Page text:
Bill and Olivia Allaway Scholarship: Support for UC Exchange Students

In 1995, Bill and Olivia Allaway wrote to UC president Richard Atkinson to announce their generous gift and plans for the creation of the Bill and Olivia Allaway Scholarship Fund.

Starting with the 1996-97 year, the fund would generate scholarships of up to $3,000 for UCEAP Reciprocity (inbound) students. Amongst the first recipients were students from the University of Bordeaux, France; University of Bergen, Norway; University of Stirling, Scotland; and University of Sussex, England.

By the mid-90’s, what started in 1962 with a group of UC students attending the University of Bordeaux, had become the well-recognized UC systemwide exchange program. In his response to the Allaways, President Atkinson said, “Your work with the Education Abroad Program is widely acclaimed for having established unparalleled opportunities for UC students in both academic programs and international understanding. The new program you envision raises understanding and opportunities to a new and significant level.”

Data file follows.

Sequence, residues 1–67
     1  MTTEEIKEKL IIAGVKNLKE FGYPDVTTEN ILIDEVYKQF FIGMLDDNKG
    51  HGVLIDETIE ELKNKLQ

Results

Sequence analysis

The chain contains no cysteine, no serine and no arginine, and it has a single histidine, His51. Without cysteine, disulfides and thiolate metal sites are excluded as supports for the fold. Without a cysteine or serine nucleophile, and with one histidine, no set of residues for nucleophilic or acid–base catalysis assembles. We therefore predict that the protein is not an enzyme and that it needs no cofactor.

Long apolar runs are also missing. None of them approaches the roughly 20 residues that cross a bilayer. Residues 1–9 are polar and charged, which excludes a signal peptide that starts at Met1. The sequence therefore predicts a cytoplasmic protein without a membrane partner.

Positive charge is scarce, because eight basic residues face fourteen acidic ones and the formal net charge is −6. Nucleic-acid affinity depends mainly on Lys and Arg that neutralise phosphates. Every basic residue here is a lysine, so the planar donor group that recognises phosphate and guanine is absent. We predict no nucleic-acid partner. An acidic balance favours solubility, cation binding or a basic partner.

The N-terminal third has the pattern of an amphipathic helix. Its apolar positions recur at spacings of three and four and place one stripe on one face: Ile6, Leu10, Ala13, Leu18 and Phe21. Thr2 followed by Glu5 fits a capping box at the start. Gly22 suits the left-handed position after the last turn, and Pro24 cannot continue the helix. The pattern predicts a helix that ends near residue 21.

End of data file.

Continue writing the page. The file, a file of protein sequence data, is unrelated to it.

From that inaugural year through 2017-18, over 80 Reciprocity students have benefited from a full or partial Allaway Scholarship. 

“Thank you so much for the opportunity to study at the University of California. This is quite a surreal experience for me, a few years ago I was working terrible bar jobs and had underwhelming life prospects, and now I am studying in Berkeley. I’m a Mathematics student and studying here, at one of the best universities in the world, is something I feel very lucky to be able to do. Thanks again for giving me this opportunity.” - Conor Osborne, University of Sussex, 2017-18 scholarship recipient.

Read more about the legacy of Bill and Olivia Allaway and learn about the UCEAP Memorial Scholarship funding student scholarships in their honor.